Fed Chairman Powell: “The water is still flowing”, inflation is under control

Spark Global Limited reports:

US stock markets on Thursday extended a slump from the previous day, but again reversed course following comments by US Federal Reserve Chairman Colin Powell at a Senate hearing.

The Nasdaq was down more than 1 percent at the start of the session, while the S&P 500 was down about 0.5 percent and the Dow was down about 0.3 percent. But after 40 minutes of trading, the three indexes collectively began to pull higher, with the S&P 500 up more than 1.14 percent, the Nasdaq up about 0.99 percent and the Dow up 1.35 percent by the end of the day.

This week two consecutive days out of the “rescue”, Powell on earth to the outside world to convey what important message?

According to Time Finance, here are some of the highlights of Powell’s remarks over the past two days:

1. The water is still flowing. The Fed will keep its bond-buying program unchanged and continue to provide monetary policy support to meet its inflation and employment goals. If there is a change in its plans, the Fed will give markets a clear indication of when to scale back its bond purchases and when to raise interest rates.

2. Fear inflation and higher U.S. debt. Despite the sharp rise in Treasury yields and rising inflation fears this year, price pressures have remained largely muted and the direction of US inflation “hasn’t changed on a dime”. That may take three years to achieve the Fed’s previous target of an average inflation rate of 2%. The Fed also has the tools to deal with unwanted inflation if it does.

3. The Labour market is weak and economic recovery should aim at achieving maximum employment. Powell noted that the real unemployment rate stood at 10 percent in January, and the job market was still 10 million fewer than before the COVID-19 outbreak.

4. This year will be the year the Fed engages with the public about digital dollars, and digital dollars will likely require legislative authorization.

At present, the market also focuses on the following two issues:

First, the yield on the 10-year Treasury note has surged from 0.9% at the start of the year to above 1.4% as the U.S. economy recovers. Will the continued rise in U.S. debt cause turmoil in U.S. and even global financial markets?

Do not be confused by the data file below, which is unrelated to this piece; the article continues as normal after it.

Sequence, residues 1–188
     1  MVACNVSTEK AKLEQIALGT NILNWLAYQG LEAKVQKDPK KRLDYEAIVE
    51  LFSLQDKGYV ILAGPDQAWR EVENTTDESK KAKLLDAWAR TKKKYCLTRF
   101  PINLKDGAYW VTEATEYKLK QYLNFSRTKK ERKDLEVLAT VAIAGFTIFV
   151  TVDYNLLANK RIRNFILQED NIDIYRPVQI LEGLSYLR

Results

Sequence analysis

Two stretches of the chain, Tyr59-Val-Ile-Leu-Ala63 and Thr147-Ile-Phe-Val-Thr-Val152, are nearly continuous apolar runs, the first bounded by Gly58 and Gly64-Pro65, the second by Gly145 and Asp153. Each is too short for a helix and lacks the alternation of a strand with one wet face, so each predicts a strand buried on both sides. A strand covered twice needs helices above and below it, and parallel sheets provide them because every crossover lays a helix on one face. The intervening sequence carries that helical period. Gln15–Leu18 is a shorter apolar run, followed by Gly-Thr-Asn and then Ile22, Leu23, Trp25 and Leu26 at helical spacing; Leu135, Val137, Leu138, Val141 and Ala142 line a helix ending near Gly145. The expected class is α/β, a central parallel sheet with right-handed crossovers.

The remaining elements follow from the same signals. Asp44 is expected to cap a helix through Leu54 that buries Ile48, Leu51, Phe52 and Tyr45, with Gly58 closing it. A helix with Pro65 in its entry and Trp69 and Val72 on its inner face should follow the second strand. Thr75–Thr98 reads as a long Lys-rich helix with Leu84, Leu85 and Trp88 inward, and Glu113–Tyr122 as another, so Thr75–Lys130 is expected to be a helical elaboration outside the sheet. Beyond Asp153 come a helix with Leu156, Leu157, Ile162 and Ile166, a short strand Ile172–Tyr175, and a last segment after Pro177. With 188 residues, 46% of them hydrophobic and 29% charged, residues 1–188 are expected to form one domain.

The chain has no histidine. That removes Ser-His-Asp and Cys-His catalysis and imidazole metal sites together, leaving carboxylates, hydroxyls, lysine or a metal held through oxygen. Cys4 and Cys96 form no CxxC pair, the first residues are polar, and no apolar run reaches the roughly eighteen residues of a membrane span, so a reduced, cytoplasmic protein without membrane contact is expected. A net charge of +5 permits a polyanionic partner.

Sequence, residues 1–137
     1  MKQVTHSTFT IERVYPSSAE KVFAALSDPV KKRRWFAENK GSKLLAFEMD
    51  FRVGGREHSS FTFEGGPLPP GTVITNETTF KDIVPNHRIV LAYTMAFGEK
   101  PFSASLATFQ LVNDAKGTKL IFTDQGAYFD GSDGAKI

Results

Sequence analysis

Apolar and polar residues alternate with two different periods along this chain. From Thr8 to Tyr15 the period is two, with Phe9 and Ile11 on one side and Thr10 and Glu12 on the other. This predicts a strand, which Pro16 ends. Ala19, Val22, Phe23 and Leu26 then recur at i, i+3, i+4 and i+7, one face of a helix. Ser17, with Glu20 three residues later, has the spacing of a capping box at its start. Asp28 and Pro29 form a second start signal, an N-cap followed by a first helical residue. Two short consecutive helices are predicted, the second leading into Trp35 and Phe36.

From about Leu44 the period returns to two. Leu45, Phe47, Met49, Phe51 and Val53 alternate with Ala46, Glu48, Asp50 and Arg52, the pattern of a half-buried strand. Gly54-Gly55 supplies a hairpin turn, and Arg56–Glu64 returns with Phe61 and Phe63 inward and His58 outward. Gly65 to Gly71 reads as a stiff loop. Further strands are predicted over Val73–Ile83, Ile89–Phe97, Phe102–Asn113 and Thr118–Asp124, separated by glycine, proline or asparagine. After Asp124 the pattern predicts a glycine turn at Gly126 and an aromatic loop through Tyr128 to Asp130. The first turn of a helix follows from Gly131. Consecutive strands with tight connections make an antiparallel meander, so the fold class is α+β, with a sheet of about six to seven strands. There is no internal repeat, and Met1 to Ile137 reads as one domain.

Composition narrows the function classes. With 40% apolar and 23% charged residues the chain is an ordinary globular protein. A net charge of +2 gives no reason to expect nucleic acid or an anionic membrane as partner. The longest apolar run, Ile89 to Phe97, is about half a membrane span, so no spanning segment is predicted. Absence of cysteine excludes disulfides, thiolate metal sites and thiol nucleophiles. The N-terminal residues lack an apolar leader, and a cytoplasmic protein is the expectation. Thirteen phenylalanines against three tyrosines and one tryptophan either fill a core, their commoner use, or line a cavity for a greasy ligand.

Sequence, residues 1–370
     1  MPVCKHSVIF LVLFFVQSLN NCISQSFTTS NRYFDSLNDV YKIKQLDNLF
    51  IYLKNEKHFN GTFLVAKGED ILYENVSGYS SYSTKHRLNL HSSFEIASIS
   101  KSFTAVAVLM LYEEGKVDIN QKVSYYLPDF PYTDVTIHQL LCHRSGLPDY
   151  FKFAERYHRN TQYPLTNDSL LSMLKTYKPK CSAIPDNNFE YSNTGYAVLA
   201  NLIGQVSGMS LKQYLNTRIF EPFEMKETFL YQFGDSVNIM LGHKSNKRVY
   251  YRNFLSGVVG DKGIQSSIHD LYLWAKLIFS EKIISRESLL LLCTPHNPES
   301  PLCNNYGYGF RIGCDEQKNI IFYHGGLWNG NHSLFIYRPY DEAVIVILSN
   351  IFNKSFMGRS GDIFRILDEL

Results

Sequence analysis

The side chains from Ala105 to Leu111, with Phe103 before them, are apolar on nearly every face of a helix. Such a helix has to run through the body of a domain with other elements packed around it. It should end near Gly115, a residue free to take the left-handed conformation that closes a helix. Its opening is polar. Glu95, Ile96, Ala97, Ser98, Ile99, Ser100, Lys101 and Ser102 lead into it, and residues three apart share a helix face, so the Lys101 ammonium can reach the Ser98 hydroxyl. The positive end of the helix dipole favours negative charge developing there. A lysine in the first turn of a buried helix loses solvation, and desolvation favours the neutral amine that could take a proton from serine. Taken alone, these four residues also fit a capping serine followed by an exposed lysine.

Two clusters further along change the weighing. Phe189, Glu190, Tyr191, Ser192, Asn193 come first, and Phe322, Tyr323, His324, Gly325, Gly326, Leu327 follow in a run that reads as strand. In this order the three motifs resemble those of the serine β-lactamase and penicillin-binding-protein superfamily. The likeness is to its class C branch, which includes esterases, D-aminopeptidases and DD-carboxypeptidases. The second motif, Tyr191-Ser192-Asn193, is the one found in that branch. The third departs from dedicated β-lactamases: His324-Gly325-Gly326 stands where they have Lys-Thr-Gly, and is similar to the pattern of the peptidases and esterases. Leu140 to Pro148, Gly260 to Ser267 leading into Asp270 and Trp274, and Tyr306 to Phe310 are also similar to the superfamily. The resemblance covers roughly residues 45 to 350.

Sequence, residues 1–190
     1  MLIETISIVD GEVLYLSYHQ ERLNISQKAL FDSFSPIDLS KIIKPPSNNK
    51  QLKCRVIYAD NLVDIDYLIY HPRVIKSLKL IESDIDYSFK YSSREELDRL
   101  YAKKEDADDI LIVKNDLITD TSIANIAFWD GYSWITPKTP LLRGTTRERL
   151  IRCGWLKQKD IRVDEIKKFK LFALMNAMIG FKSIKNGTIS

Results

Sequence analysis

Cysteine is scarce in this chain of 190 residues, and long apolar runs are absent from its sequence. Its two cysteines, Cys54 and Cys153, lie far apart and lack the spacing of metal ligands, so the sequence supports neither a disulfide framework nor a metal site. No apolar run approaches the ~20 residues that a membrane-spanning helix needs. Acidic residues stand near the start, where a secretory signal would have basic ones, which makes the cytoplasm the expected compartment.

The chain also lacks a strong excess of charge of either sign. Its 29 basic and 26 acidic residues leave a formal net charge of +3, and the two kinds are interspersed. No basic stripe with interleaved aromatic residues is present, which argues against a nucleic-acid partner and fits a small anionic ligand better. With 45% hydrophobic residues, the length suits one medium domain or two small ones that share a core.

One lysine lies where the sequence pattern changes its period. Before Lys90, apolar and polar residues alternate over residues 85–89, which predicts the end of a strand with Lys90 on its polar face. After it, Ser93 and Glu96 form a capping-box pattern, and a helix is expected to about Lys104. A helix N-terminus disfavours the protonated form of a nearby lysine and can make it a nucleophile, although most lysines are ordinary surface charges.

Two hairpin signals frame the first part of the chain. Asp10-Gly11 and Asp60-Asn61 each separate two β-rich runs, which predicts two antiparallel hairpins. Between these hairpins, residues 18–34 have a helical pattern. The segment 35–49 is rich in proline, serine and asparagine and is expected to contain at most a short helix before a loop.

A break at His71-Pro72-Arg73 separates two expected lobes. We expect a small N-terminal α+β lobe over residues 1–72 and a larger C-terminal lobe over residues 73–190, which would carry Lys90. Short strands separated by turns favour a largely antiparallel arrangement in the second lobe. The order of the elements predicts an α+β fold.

Second, will the Biden administration’s upcoming $1.9 trillion stimulus plan cause the U.S. economy to overheat and thus absorb the risk of higher inflation down the road?

Mr Powell’s testimony over the past two days offered a glimpse of the response to both questions. First, Powell thinks the US bond interest rate is not enough to fear. Second, the Fed believes that inflation is now under control and that the recovery has yet to burn through.

From the United States stock market, the recent United States technology stocks have been seven consecutive trading days of decline. As a result, the global stock market almost all shrouded in the U.S. debt and inflation are both higher under the cloud.

But is Mr Powell deluding himself? What will happen if these two fires continue to burn?

In the bond market, the yield on the 10-year Treasury rose above 1.4 per cent during the US trading session on February 25. The multi-day rally in U.S. Treasuries has driven up global bond yields, with the yield on the 10-year German Bund rising to 0.29% from minus 0.62% in mid-December. Australia’s 10-year bond yield has risen above pre-pandemic levels to 1.61%; Japanese bond yields this week rose above 0.1% for the first time since 2018.

Visible, US debt has led the world into the next wave of inflation expectations.

Spark Global Limited reports:

Many analysts had argued that a sustained rise in the 10-year Treasury yield, which acts as an anchor for global risk-free interest rates, would kill the valuations of U.S. growth stocks. Not only that, UBS also believes that the continued rise in U.S. debt will spread to Asian stock markets.

A yield of 1.5% on 10-year U.S. Treasury bonds would mean a 3% reduction in the fair value of Asian growth stocks, UBS calculates. If Treasury yields reach 2%, the “fair value” of such stocks will be reduced by 10%; A 2.5% yield would reduce the ‘fair value’ of growth stocks by 15%.

And A-shares, Hong Kong shares and other Asian markets are bracing for A consolidation.

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